The sixth Sculpture By The Bay (SBB) beat all expectations, certainly in terms of quality, visitation and sales, but also the impact and depth of message. As an example, Tony Davis exhibited 303 Poppies. He was inspired by a horse he saw in a field of poppies in Western France. It looked so much like photos he had seen of Australia’s Whalers. The message ….. could this have been a descendant of the 120,000 Aussie horses sent overseas in the 1st World War, never to return? It is a wonderful piece of work that reminds us of so many stories around that era.
To give a little background to SBB, Nita Pratt and The Dunsborough Progress Association initiated this event, to be held annually during the Labor Day long weekend (usually in March), to promote Public Art and encourage creativity within the local community. This year there were 31 exhibitors of which more than 50% were from the Busselton shire. This year over 2500 people voted in The People’s Choice award. This possibly means that over 4000 people viewed the exhibition. At least 18 of the works will installed in different places throughout the State.
These photos are a few of the 31. Photographer for SBB, Jenny Stukely, has taken these photos. The words around them are my interpretation. Industrial Planet, by Justin Webb, is built from used (long ago) agricultural parts, combined into a ball that expresses the interconnectedness of all that in agriculture. I can see parts in there that remind me of a past occupation, names and stamps on steel that are still current but are found on new technology, spanners that no longer exist and pieces that have become redundant. If this was in my garden I could stand looking at it for hours seeing old stories. in this photo Jenny has captured 3 people on SUPs doing yoga, a wonderful combination of old stories and tranquillity.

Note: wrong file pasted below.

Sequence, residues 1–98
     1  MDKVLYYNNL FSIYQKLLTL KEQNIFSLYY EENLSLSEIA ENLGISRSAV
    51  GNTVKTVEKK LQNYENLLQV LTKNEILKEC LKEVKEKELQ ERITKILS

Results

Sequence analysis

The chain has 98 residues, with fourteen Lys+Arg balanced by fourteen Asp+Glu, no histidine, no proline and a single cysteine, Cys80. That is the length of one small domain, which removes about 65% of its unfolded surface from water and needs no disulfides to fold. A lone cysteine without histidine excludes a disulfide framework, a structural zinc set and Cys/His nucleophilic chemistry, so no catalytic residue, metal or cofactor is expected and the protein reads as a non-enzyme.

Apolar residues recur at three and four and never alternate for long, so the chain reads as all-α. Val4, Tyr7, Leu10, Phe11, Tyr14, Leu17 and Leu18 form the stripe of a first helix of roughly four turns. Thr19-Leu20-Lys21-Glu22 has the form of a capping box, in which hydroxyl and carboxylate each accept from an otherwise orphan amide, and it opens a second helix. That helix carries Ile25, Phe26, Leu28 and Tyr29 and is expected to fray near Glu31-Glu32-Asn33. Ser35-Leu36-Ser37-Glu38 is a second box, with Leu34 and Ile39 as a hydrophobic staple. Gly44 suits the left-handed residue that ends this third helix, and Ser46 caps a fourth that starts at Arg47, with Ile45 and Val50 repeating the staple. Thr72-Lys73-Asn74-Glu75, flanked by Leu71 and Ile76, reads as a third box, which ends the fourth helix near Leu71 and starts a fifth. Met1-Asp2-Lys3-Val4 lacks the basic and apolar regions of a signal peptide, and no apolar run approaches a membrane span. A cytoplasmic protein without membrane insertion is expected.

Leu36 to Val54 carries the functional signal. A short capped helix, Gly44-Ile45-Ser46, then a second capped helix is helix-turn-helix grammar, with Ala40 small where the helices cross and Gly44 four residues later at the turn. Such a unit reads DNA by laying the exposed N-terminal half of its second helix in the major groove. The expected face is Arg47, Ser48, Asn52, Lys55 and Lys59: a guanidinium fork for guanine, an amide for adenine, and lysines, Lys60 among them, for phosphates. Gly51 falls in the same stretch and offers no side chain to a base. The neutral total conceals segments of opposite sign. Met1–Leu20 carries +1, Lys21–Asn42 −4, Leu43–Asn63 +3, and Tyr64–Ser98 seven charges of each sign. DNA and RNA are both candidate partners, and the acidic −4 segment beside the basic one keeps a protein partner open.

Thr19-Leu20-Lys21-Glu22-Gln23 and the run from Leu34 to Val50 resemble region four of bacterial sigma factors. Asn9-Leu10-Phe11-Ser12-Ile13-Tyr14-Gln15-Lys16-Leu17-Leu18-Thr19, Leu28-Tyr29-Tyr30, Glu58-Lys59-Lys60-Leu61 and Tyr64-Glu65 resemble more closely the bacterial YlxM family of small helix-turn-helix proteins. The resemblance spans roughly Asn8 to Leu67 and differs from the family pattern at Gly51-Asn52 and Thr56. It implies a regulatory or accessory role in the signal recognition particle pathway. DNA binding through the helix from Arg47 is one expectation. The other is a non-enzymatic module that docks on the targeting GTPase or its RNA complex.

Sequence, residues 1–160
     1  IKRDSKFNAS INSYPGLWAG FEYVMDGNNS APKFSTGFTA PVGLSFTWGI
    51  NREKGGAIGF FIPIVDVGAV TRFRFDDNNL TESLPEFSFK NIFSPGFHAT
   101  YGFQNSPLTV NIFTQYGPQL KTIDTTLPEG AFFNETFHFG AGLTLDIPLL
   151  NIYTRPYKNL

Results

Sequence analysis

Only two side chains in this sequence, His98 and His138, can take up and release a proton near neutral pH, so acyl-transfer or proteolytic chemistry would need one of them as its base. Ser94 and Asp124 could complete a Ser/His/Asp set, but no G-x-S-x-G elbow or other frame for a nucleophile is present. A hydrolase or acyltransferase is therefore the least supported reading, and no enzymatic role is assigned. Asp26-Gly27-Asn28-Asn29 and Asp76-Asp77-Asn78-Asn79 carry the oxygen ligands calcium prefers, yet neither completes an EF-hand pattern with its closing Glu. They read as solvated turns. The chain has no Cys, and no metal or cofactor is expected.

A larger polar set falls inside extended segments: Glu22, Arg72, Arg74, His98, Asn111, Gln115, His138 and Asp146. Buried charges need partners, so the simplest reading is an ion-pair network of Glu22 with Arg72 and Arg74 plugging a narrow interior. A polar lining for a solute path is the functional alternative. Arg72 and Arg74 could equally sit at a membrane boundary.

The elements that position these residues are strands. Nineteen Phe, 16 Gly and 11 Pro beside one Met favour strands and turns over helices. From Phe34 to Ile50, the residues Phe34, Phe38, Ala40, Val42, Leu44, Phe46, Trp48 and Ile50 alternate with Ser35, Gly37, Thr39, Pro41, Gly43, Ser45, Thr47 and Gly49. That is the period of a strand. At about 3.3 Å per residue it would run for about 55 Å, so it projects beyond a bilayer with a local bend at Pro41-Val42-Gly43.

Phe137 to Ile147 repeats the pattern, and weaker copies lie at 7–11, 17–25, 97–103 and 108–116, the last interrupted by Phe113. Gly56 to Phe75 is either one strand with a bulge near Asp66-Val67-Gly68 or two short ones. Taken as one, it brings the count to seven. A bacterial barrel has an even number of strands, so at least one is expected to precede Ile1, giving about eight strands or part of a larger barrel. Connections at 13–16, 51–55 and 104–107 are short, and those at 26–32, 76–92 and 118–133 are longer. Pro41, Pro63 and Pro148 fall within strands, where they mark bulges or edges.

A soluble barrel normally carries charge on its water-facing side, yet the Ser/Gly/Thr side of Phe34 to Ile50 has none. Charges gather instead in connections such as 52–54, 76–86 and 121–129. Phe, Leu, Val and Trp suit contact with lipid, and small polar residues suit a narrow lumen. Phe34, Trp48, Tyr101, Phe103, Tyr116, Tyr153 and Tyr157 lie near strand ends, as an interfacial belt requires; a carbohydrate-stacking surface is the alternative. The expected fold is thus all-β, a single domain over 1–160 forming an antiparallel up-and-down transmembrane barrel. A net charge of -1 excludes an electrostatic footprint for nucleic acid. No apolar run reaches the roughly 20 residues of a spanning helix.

OverPowered, by mois, is all about evolution of the environment and the belief we need to maintain its health at least at the current level. I found this timber slab from a tree that had fallen over in a storm. It was an old tree, possibly about to stop living anyway, but it had produced flowers and seed the year before it had blown over. Since the storm new trees had sprouted from the seed, then a tractor came in and cleared all of the area. That piece of the environment had not been allowed to evolve. So, this piece became my monument to that piece of the environment. The ‘hands touching’ is the environment reaching out through the many irregular barriers (re the beaten copper hoops) to access and nurture the fruit that it has produced. But the connection to the rulers to allow the continuity of the environment is withering (the top arm is becoming disconnected) – so how long will the cherries exist? how long will the environment continue to give fruit and maintain a level of health if the rulers (government and religions) don’t have an ongoing unconditional unanimous commitment?
Nuts about You, by Voytek Kozlowski, is a story about Dunsborough. The red-tailed black cockatoo continually chatter and eat the honky nuts in the marri trees, drop them on houses with a clang-clang, on the roads and back into the forest. They are a beautiful bird, noisy in the air and joyful in their conversation in the trees. Good colours, style, lines and a solid resilient work, this piece has been awarded The Dianne Laurance Wine Award for best sculpture at the exhibition.
The final piece I am writing about is Whine & Dine, by James Horsely. Once again, great photos Jen! James work is a joyful piece of the darker side of nature, the cut throat way that ocean life is … ‘winner take all’ … the Pelican that has the spoils of the ocean in the mouth, the seagulls waiting for the spoils, and the crab the ‘bottom feeder’. Colourful and natural, it reminds me of the stories that Josh Whiteland from Koomal Dreaming tells about the bay, the pelicans, the old fish traps and how it all existed before colonial takeover. The pelican’s pose is ‘classic pelican’, beak angled up like it’s trying to swallow the last morsel, but in a superior jocular way. The seagull on the post has that stretched forward stance squeaking out ‘give me some’, and the other just ready to pounce. This work has been acquired by The City of Busselton to be placed within the Dunsborough community for their enjoyment.
Hopefully I get to write more about the SBB 2015, it was a lot of fun. Also heading to Sculpture By The Sea in the next few days with Jen (so hopefully can steal some more great photos) and write my impressions on that. Till then, happy times, Greg
good comments Greg but I must direct you to my final edited photos! SBTB 2015 was a wonderful collection of pieces with great depth of meaning and use of interesting materials. Lots of recycled works which is always great to see.